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An Interview with Justin John Carroll, Director of the Short Film 'The Cow'

Tell us about yourself. How did you become an artist?

I've always written poetry and sustained a keen interest in art and creative writing, but I was obsessed with Hollywood and Cinema from the age of 15. After years of personal struggles, finally I studied film foundation with the London Film Academy in 2006 and then Acting for Film with MetFilmSchool in Ealing. I progressed onto Method Acting at The Rag Factory in Liverpool Street in 2008, and shortly after that, I wrote my first feature length Screenplay.

What was your first job in the art field?

My first jobs were in local theatre productions and a student short film. This led to me setting up my own production company, Art Of Film Ltd., in 2014.

Director Justin John Carroll

What makes you want to tell stories? In other words, what are the themes/issues you want to incorporate into your work?

I'm a qualified psychotherapist, so it's important for me to use the medium of film (partly) to address social ills and mental health issues. However, I strongly believe in 'shooting to thrill' as well, by writing an exciting story with relatable characters, so I do my best to blend the two.

Please tell us about your vision and your method of approaching a new project?

My vision overall is to make films that touch people on a human level and move or inspire them in a new way.

New projects often come from a mental image or an idea, and then I go with that without trying to direct the flow too much. I prefer to let the characters tell the story by following my intuition.

Who are your filmmaking influencers? What are the films that were influential for you?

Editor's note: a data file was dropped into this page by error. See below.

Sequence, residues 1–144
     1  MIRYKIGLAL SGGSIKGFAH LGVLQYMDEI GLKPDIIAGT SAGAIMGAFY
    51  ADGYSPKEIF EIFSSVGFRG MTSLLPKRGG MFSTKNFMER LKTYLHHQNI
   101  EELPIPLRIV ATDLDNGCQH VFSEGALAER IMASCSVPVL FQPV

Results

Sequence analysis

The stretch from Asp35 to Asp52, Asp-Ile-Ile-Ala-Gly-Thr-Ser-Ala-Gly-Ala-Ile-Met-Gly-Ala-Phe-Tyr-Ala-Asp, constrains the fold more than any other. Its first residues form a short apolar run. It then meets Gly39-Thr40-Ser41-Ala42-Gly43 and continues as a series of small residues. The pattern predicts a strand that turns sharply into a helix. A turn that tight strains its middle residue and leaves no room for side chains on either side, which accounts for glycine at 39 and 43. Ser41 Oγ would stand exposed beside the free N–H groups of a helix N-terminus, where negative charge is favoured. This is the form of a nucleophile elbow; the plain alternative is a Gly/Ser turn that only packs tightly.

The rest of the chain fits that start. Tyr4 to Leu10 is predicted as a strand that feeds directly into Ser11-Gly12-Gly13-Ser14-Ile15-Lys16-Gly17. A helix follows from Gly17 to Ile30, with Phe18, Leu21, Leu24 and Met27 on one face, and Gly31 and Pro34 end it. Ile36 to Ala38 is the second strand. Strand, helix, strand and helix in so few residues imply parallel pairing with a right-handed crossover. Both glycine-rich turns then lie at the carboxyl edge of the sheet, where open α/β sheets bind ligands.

Big films for me were Dead Poets' Society, Good Will Hunting, Gladiator, Double Indemnity, 12 Angry Men, Asphalt Jungle, The Master, E. T., 2001:A Space Odyssey, It's A Wonderful Life, The New World, Rocky, Enter The Dragon, East Of Eden, Naked Youth.

I love Paul Thomas Anderson films, the precision of Stanley Kubrick's work, Steven Spielberg for his scene compositions, Terence Mallick's freedom of movement and artistry, and have also been impacted by the work of Lynne Ramsay, Christopher Nolan, George Stevens, Peter Wier, Elia Kazan, Sidney Lumet, Damien Chazelle, Todd Philips, and of course, Quentin Tarantino.

How do you think the industry is changing? How has COVID affected independent filmmaking/creation?

I think the lockdowns inadvertently helped to create a new landscape by forcing people to become even more inventive and resourceful, although it seems that advances in technology in particular are what is revolutionising the industry.

It costs less and is much easier to get started with your own equipment and ideas. Technology is dismantling the old hierarchies to some extent and levelling the playing field for those who might not have had a look in before.

What advice would you give to aspiring artists? What are some of the things they must follow/avoid?

Follow your heart, your passion, your inspiration. Be yourself - you're needed.

Avoid imitation and fitting in with whatever is currently en vogue. There are countless forgettable formula films out there already. Be bold. Be unique.

Do you think films/stories can bring about a change in the world?

Without any doubt. Think of Philadelphia, Enter The Dragon, Guess Who's Coming to Dinner?, Ghandi, The Killing Fields, etc.

Films can raise awareness, highlight specific issues, offer new perspectives and perceptions, encourage understanding and greater tolerance, and as I experienced personally, help people through really difficult moments by providing hope, inspiration, and even reassurance.

What do you think people like to watch these days? Has the pandemic changed people's taste?

It's hard to say. I think the pandemic has ushered in a new era perhaps of people wanting to feel human connection more, and it seems that the writing and storylines are reflecting this in TV series at least.

Films have been totally dominated by the comic book franchises in recent years but there have been some very human stories coming out as well, and everything gets tired if it suffers from overkill, so I'd say we're going to see more of a shift in tastes in the near future.

Please tell us about your upcoming projects.

I have two new short films in the pipeline which I'm hoping to shoot this coming winter.

I have written half a dozen or so feature length Screenplays since Covid began as well, so it would be great if I could get one of those made in the next few years.


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